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Hat Tip To: Engadget

Fiat’s 500e EV debuts at the LA Auto Show, we go eyes-on

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Fiat's 500e EV debuts at the LA Auto Show, we go eyeson

We’ve had ample opportunity to ogle the electrical version of Fiat’s venerable 500 when the Italian firm fortold its US arrival years ago. This week at the LA Auto Show, the car finally made its official debut, so naturally, we had to swing by and check it out. While we’ve got plenty of eye-candy of the diminutive EV in our gallery below, allow us to first regale you with the car’s specs. Under the hood lies a 111HP motor powered by a 24 kWh battery that generates 147 pound-feet of torque — not exactly the stump-pulling grunt of its new Yankee competition, but still plenty of power for such a small car. Range tops out around 80 miles in general use, while city drivers can expect an extra 20 miles per charge. Speaking of, the car gets all the juice it needs through a 240-volt outlet in just under four hours. Can’t wait to get one? Well, Fiat’s not telling how much the 500e will cost, but we do know it’ll be available California starting Q2 of 2013, and it’ll come to the rest of North America by the middle of the year.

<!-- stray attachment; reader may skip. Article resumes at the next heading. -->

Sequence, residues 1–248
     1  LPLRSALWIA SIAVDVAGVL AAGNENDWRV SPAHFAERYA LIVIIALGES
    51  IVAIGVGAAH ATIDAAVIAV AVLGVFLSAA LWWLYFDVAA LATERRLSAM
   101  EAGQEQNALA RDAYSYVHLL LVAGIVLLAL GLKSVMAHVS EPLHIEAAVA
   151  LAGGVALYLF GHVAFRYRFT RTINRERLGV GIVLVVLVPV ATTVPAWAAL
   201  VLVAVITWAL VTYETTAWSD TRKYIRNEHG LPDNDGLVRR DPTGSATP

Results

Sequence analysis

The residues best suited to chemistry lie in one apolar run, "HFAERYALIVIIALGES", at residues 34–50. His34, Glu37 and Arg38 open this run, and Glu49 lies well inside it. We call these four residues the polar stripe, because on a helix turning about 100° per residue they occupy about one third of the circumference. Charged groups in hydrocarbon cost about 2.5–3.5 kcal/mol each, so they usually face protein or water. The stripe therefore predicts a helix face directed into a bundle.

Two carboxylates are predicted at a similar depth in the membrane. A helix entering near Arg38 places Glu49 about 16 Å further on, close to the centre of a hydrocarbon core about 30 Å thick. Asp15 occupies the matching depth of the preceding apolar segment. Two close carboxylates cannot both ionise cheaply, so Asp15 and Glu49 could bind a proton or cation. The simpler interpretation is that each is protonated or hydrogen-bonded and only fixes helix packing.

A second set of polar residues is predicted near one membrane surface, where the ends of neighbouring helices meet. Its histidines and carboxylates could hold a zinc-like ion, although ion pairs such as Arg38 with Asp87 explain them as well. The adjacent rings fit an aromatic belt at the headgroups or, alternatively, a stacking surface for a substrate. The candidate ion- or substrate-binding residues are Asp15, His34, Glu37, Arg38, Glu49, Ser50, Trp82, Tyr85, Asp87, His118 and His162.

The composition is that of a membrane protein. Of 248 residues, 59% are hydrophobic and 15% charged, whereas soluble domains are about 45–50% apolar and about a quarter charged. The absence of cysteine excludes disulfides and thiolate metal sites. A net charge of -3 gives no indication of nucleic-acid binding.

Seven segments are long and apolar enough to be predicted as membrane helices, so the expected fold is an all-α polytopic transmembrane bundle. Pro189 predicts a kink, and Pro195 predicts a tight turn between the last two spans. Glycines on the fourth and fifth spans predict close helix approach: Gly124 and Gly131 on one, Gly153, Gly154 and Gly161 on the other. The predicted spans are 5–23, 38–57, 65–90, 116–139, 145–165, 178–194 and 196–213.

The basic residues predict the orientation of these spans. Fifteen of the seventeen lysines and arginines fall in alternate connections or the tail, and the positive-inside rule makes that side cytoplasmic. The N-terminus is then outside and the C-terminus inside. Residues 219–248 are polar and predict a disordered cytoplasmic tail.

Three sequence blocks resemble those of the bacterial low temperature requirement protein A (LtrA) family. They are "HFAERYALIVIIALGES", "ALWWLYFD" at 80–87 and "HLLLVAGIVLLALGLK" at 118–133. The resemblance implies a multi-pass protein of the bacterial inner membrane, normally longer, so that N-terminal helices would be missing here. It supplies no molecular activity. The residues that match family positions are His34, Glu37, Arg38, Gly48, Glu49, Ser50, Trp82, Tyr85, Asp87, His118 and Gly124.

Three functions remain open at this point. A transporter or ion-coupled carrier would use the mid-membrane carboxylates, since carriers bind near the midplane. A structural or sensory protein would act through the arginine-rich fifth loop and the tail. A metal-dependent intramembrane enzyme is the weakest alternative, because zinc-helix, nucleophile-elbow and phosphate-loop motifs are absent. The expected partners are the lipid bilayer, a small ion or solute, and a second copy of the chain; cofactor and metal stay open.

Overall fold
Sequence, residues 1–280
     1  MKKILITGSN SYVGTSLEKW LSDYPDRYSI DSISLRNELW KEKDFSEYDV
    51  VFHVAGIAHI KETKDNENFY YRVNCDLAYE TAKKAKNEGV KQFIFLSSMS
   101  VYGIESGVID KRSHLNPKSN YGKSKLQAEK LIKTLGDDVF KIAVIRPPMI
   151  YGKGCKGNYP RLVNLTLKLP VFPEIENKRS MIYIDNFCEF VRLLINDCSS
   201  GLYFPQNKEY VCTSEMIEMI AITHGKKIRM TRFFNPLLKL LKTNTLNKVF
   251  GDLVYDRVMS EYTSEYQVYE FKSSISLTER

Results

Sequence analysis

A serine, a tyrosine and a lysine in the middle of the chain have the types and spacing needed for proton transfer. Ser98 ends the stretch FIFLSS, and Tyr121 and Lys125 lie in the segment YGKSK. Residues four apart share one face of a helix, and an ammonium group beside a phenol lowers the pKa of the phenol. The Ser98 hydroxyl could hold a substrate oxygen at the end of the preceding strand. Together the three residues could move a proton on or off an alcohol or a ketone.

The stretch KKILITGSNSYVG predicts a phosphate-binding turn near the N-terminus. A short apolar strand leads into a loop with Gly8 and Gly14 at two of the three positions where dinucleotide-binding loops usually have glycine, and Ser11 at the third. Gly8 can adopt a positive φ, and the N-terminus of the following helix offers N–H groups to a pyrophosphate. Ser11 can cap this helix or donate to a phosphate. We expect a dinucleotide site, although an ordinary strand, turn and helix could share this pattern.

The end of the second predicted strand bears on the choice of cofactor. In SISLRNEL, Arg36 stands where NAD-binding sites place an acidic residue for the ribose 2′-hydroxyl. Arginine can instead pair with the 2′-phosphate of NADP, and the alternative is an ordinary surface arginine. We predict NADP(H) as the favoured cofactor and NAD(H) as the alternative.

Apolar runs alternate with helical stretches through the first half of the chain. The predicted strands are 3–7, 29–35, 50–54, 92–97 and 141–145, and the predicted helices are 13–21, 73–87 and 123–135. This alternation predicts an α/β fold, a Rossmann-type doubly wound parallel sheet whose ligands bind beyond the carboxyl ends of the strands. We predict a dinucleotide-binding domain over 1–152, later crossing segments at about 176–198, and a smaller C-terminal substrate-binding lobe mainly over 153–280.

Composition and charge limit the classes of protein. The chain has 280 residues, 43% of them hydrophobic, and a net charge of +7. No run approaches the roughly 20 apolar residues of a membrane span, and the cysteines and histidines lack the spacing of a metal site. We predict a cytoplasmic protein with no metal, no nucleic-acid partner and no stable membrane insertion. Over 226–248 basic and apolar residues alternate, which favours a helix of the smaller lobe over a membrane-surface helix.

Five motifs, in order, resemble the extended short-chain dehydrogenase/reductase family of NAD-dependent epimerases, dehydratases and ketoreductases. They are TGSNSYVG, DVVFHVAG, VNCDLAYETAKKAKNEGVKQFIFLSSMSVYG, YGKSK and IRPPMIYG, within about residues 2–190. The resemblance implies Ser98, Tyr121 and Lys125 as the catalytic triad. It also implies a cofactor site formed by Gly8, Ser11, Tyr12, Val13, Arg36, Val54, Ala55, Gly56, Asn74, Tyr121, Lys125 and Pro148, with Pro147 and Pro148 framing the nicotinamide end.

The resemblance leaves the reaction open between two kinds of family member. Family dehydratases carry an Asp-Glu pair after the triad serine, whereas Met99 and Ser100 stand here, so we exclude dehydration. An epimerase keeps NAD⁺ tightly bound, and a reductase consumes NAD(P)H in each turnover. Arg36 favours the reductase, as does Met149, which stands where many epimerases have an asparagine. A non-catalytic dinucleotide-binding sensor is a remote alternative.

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Source: Engadget

Facebook Photo Sync boots smartphone snaps to a private album as you shoot

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Facebook Photo Sync boots smartphone photos to a private album as you shoot

Can’t be bothered with adding photos to your Facebook albums la carte? Well, Photo Sync has your name all over it. Rolling out today for Android and iOS, the new service automatically sends images from your smartphone (or Galaxy Camera, perhaps?) to a private album in the cloud. Once you’re ready to flip your frames public, simply tick a box on each image to post it. And, because everything’s easier to understand with a fancy promo video, you can learn all about Photo Sync in the dialog-free Facebook montage at the source link below.

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Source: Facebook

Hat Tip To: Engadget

New 21.5-inch iMac gets an early teardown in Japan

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New 215inch iMac gets an early teardown in Japan